Our story

Looking ahead


Our ever-changing world: opportunities and challenges

Air travel has helped shape the world we live in. Sights, experiences, opportunities and connections that would have been closed to most only a few decades ago are now accessible for millions of people.

The pace of change in this globalised world is not going to slow. New aircraft technology, automation of passenger processes and digital disruption of established business models will constantly present new demands and opportunities.


A changing, more connected population

Forecasts suggest that in future the world’s growing population will include more people who identify as diverse 5 and global 6 . Driven by these demographic shifts, global air passengers could double in 20 years 7 .

Within three years there could be 50 billion connected devices 8 . The proliferation of data will increasingly personalise our travel experience. And, while you may never be able to ‘Uber-hail’ a plane, more flexible schedules to meet demand could be possible. We need to adapt and innovate to meet the challenges of changing technology, competitive new modes of transport in our market and, of course, climate change.


More choice of destinations

The Boeing 787 Dreamliner operated from Bristol to the USA and Mexico in summer 2017. The latest generation of mid-size passenger aircraft, of which the Dreamliner is an example, could make more long-haul routes possible from Bristol Airport in the future. New aircraft such as the Airbus A320neo and Boeing 737 MAX are quieter and more fuel efficient.

Manufacturers are already considering future concepts to push aircraft performance even further; easyJet has just announced its ambition to move to electric aircraft. Recently the Government announced plans to encourage the development of low carbon aviation fuel from waste10.


How we can meet the opportunities and challenges

Better connectivity for business

One in five local businesses in the West of England already credit Bristol Airport as being a factor in their choice of location11. In 2015, passengers from the South West of England and South Wales using the London airports faced additional time and surface access costs of £182 million, wasting a total of 512 million minutes in the process12.

A streamlined passenger service

Customer demand for streamlined products and services which save time will increase as technology develops. There is also emerging competition with new modes of transport like high speed rail for domestic and short-haul European destinations. Innovative techniques and working practices, such as remote security screening, remote check-in and facial recognition will help us adapt and prosper in this brave new world.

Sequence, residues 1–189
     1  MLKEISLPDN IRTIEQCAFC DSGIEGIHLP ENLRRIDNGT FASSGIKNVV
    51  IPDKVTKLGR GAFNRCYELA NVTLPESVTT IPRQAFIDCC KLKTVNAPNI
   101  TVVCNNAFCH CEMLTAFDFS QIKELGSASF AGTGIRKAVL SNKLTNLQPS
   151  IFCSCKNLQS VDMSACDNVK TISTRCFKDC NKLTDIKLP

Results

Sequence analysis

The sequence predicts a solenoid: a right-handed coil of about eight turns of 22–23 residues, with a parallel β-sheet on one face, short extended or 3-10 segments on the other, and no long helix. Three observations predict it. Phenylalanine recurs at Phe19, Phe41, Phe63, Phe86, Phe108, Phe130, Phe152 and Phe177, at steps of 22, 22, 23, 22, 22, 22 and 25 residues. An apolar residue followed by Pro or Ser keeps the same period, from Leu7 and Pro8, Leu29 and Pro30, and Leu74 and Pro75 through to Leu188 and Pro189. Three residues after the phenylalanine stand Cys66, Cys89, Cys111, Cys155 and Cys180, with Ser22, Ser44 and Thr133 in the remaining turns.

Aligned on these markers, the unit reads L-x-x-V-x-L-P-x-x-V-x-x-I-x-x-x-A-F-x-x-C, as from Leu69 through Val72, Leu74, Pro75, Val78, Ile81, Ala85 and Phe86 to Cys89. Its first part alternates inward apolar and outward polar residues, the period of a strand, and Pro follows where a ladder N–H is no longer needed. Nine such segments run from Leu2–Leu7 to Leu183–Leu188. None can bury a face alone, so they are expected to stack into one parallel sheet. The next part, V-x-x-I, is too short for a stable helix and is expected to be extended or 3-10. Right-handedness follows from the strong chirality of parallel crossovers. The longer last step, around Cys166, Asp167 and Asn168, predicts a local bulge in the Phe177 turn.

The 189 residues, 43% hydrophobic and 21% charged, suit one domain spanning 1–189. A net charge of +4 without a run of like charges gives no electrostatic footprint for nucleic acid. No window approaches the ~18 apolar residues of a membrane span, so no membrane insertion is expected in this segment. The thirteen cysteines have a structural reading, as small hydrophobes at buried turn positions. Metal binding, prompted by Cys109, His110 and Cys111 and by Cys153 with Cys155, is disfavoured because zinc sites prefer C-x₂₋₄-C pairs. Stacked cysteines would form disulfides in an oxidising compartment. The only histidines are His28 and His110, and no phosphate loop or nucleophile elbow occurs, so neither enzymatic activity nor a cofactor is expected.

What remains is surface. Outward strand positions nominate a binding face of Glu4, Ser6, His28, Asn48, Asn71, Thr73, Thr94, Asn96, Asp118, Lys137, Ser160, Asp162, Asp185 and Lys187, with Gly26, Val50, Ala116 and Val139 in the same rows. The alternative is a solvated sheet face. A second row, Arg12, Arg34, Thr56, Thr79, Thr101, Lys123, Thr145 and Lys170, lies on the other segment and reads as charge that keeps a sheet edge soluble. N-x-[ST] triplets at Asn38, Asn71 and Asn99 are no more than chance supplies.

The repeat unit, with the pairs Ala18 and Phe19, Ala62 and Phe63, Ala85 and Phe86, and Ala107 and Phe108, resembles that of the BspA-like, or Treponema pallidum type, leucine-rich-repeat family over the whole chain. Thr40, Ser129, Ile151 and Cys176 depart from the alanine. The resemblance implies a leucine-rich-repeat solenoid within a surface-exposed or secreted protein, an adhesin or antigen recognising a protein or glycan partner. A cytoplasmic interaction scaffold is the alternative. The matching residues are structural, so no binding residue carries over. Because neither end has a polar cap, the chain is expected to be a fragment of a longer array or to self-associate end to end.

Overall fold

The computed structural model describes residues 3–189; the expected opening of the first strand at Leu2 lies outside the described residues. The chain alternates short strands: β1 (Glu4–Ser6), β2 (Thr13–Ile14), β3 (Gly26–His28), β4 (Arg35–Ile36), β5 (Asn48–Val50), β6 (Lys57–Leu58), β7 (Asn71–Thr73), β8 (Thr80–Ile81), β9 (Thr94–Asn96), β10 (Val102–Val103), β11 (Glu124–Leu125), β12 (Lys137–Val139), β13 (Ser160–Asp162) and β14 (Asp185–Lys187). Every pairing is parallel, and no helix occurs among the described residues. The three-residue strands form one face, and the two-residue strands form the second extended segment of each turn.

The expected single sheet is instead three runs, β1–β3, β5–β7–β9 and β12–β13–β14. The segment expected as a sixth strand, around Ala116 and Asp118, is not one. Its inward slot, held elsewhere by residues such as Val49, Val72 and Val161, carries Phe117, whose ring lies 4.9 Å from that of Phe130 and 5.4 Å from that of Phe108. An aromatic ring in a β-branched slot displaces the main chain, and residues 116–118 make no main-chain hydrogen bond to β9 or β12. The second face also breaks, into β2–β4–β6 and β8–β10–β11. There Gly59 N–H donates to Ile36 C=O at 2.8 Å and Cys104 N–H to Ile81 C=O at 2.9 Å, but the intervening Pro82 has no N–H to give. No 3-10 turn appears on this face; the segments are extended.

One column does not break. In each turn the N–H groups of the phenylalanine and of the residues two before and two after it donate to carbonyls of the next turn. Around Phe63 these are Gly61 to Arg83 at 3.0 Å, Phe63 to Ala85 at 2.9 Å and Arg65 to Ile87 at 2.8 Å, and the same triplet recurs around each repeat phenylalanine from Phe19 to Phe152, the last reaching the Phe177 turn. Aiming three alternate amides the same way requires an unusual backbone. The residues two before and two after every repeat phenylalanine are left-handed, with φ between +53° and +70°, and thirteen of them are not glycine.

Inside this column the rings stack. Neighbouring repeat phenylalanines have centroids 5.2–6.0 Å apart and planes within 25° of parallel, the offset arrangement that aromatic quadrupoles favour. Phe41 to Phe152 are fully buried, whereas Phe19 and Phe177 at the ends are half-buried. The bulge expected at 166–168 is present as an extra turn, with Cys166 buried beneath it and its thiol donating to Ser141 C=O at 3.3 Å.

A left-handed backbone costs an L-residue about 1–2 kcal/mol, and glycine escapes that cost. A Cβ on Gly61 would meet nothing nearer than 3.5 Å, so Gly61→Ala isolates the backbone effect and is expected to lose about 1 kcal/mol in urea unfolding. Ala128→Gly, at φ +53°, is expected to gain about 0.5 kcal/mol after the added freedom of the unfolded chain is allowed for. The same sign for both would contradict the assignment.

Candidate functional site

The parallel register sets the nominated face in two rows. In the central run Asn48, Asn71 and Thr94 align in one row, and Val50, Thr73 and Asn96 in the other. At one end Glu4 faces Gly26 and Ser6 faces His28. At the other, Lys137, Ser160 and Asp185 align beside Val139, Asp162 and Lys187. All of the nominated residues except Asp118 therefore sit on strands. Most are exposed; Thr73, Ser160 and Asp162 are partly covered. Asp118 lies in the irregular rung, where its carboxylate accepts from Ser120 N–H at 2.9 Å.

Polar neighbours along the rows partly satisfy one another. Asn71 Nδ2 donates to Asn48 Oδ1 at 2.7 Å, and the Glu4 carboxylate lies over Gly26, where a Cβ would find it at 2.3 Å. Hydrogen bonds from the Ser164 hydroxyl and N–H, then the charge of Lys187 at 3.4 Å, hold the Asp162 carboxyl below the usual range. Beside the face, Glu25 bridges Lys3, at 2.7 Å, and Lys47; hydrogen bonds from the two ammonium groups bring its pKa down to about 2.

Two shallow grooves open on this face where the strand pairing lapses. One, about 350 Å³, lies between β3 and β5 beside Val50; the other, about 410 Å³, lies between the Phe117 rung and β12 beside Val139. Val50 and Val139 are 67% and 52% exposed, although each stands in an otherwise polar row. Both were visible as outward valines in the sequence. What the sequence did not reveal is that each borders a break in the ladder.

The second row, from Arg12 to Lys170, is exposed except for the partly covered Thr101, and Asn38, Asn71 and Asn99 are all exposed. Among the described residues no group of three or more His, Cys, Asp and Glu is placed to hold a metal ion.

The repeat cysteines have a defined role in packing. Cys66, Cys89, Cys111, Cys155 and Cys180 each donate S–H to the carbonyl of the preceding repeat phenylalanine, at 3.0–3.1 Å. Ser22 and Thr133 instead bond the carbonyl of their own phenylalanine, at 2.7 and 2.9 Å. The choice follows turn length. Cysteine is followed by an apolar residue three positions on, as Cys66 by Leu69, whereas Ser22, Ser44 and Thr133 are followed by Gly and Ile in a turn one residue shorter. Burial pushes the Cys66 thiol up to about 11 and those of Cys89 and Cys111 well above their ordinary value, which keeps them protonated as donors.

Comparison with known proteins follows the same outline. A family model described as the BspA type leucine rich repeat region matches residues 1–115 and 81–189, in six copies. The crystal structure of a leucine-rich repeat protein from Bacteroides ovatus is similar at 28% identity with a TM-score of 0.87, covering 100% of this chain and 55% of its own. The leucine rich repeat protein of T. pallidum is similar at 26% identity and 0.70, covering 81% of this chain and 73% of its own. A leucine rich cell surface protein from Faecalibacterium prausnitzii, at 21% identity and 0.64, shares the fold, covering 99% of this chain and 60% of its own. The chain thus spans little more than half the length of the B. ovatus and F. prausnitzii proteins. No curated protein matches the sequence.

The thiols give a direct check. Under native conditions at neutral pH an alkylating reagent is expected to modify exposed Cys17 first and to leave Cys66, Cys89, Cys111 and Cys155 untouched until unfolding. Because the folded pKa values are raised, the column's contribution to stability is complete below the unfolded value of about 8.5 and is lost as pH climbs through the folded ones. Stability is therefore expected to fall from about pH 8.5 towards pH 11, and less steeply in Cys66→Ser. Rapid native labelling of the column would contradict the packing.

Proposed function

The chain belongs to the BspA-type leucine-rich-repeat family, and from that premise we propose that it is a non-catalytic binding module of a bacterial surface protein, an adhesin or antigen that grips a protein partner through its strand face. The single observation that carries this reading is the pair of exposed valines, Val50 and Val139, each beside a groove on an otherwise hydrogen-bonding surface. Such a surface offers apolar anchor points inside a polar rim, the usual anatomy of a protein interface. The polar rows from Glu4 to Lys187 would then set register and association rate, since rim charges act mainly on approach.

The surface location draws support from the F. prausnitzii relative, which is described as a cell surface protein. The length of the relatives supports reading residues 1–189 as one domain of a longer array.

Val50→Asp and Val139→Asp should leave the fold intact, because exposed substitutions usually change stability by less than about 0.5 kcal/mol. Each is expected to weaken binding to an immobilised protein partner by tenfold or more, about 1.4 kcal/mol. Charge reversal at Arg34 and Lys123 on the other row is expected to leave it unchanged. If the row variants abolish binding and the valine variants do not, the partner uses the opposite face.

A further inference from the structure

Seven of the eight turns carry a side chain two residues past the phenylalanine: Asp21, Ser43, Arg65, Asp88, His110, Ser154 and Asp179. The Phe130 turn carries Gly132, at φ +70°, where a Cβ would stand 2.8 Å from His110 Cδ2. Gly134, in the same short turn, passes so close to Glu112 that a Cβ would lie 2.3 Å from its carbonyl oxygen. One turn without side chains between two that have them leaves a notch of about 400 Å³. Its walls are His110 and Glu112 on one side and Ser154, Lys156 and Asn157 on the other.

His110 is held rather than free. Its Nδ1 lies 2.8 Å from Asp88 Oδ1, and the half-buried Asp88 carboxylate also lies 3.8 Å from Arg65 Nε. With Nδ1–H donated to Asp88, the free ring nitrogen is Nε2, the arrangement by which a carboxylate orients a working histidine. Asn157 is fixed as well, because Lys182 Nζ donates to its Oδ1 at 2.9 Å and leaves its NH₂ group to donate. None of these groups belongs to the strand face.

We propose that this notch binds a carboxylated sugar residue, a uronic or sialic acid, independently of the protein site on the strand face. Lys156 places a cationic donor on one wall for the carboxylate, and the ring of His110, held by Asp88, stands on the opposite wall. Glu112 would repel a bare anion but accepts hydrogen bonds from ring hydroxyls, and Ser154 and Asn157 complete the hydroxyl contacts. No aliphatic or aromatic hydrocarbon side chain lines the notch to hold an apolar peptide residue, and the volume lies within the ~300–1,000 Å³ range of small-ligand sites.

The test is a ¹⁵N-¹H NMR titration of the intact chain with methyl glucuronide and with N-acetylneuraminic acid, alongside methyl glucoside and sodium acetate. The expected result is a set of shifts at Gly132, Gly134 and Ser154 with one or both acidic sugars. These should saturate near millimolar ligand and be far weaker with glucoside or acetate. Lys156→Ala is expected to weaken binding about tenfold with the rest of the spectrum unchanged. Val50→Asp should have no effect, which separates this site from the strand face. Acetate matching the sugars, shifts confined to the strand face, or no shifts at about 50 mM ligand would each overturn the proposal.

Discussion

Reducing our energy use and increasing renewable energy

Across the country, renewable energy generation has risen from just two per cent of total production in 1990 to more than 50 per cent in 201713. We want to play our part. Energy efficiency will continue to be an integral element of the design process for any new infrastructure and we will be exploring a range of renewable sources as we develop our Master Plan.

Connectivity on the ground

A big issue for Bristol is getting to and from the airport itself. In the long-term, we would like to see decision-makers take account of the need for better connections to air transport, and make the airport part of a truly integrated road and rail transport system. In the short-term, we will look closely at our on-site infrastructure and the way we connect with local networks. We also need to consider how advances like connected and autonomous vehicle technology could change the way people access the airport.

5 Future Proof – Britain in the 2020s, IPPR report, (2016). 6 BBC World Service poll, (2016). 7 Airbus Global Market Forecast, (2016). 8 White paper on the Internet of Things, (2011). 9 Sustainable Aviation Noise Road-Map. 10 Future fuels from flight and fright competition: feasibility st udy, Department for Transport 2017. 11 Business West: Local Business Survey, (2014). 12 Analysis of Bristol Airport catchment leakage to London Airports, York Aviation, (December 2016). 13 National Grid, as reported by BBC News, bbc.co.uk/news/business-40198567.

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